“The moral effect of works of ideal art," writes Mr. R. H. Horne, him. self both poet and critic, “is humanizing, chiefly because they excite refined emotions without advocating any exclusive or dogmatic moral. Their true mission is to enlarge the bounds of human sympathy. It was universally the custom in this country, till within the last few years, to ask, "What is the moral of the piece?' The answer was always absurd or infantine; frequently turning upon the naughty' parts of the story, some quotation from a school catechism of maxims, or a common proverb, but more commonly one of the ten commandments; which latter, in a Christian country, we should have thought might have been taken for granted, without so many illustrations. What is the moral of Othello? An instructive grandmother would obviously say, unequal marriages are dangerous, or you should not kill your wife from jealousy. What of Lear? We ought not to be unreasonable, exacting and passionate when we grow very old; or we ought to be too prudent to give away all our property before we die."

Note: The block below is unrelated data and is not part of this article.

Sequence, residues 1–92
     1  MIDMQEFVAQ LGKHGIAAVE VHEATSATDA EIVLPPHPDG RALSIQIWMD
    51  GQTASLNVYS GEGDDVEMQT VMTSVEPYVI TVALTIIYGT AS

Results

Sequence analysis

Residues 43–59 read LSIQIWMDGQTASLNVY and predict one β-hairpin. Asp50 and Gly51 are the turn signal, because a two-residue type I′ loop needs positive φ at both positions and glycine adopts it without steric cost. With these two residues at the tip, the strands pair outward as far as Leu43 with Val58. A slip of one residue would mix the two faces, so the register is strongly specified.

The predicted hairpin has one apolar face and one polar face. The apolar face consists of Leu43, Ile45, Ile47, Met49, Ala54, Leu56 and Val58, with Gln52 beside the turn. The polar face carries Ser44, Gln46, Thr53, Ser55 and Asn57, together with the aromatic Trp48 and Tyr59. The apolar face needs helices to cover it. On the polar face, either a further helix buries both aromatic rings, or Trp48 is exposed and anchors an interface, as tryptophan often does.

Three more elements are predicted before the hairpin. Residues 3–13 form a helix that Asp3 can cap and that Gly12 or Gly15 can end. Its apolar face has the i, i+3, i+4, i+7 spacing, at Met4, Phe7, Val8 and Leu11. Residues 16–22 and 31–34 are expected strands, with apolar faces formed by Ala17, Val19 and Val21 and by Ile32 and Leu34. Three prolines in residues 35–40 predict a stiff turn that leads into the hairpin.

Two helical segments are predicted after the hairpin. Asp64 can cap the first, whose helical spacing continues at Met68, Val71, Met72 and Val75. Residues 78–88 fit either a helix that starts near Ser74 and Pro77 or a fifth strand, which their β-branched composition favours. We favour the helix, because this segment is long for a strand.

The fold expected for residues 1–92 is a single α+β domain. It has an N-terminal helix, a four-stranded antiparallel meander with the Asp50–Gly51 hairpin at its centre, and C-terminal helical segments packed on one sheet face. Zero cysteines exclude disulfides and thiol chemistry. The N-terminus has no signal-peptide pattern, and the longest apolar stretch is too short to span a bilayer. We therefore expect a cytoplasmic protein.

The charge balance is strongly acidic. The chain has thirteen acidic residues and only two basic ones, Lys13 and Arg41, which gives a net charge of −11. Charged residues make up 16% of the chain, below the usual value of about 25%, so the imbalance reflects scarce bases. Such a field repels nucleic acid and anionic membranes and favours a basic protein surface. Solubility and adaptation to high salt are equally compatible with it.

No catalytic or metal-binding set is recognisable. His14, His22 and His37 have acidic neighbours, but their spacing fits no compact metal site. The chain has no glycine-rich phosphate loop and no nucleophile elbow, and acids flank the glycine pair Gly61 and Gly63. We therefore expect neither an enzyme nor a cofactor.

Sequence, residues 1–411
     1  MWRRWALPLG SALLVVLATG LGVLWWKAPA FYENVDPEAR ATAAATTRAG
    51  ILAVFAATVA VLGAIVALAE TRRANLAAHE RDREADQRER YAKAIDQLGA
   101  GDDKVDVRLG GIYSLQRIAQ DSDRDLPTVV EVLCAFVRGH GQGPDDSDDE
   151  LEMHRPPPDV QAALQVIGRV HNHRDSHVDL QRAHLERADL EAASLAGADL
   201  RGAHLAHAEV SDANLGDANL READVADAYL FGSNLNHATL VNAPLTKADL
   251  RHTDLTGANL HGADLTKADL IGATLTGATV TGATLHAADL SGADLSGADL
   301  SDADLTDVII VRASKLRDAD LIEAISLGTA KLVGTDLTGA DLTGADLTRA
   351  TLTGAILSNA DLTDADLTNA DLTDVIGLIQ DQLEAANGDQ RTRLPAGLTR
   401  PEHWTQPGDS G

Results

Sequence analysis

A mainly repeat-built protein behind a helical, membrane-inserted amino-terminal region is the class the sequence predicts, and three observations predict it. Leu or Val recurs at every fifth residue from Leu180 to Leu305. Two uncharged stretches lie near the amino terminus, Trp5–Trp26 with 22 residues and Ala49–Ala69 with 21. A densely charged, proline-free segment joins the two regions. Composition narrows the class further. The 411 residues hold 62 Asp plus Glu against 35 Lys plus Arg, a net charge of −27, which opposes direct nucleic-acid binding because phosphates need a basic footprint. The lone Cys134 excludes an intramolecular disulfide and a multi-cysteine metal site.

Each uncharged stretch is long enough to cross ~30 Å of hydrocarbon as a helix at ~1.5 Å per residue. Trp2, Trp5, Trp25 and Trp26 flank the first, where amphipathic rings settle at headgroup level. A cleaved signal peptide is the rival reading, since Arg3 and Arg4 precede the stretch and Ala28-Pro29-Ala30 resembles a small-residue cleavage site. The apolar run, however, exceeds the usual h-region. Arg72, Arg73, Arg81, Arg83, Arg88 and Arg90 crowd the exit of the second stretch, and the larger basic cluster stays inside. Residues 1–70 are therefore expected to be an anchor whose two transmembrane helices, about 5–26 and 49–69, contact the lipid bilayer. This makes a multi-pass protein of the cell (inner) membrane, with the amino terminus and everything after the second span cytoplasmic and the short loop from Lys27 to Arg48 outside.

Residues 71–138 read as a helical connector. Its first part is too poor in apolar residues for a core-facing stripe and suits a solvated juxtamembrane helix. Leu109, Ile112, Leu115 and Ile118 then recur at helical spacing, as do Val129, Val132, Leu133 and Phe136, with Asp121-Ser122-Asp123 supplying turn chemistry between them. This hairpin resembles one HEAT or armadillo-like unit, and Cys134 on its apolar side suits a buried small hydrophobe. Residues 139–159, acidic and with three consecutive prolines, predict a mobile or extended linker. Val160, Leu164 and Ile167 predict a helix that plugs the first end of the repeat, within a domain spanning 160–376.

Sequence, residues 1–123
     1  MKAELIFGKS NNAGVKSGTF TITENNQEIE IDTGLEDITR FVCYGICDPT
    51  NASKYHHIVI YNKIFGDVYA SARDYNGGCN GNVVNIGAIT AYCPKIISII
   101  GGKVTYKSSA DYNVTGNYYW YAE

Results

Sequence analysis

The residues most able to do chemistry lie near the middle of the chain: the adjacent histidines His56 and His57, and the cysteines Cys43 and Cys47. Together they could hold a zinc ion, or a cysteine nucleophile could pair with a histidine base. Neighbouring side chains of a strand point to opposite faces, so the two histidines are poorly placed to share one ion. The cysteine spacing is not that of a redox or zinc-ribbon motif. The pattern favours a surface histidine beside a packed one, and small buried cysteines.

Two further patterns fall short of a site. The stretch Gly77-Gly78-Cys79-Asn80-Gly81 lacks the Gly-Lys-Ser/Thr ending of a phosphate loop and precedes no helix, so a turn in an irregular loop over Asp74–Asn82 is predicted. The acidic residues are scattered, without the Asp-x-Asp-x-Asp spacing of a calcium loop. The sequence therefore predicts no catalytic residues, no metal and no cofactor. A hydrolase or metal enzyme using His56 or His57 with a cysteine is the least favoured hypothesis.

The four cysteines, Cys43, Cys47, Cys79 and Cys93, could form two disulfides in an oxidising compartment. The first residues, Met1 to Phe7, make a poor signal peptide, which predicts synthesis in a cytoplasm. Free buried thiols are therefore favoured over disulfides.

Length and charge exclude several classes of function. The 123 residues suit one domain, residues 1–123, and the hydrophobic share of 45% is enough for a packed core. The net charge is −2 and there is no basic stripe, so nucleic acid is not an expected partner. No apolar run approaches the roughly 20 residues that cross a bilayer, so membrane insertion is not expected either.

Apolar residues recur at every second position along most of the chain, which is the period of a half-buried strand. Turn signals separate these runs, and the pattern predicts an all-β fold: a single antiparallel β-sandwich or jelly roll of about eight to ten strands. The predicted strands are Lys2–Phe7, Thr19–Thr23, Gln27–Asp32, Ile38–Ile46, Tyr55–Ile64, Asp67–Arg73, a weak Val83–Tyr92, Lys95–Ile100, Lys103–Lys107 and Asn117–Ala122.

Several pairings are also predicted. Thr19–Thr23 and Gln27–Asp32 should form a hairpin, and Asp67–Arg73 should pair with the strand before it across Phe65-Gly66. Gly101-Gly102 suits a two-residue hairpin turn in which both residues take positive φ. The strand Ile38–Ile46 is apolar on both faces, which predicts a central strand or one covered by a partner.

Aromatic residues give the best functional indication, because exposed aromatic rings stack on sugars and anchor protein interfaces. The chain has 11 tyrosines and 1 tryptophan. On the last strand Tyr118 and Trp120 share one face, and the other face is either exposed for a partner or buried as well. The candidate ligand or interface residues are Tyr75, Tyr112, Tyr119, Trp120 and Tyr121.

And Hegel, who willingly recognises the fact that “ Art was the first teacher," argues at some length the untenable and faulty positions occupied with respect to its aim as a moral instructort, contending that all dogma, all philosophy
* 'Essay on Tragic Influence,' prefixed to his noble tragedy of Gregory VII. + Vide Æsthetik, i. Einleitung, p. 66-73.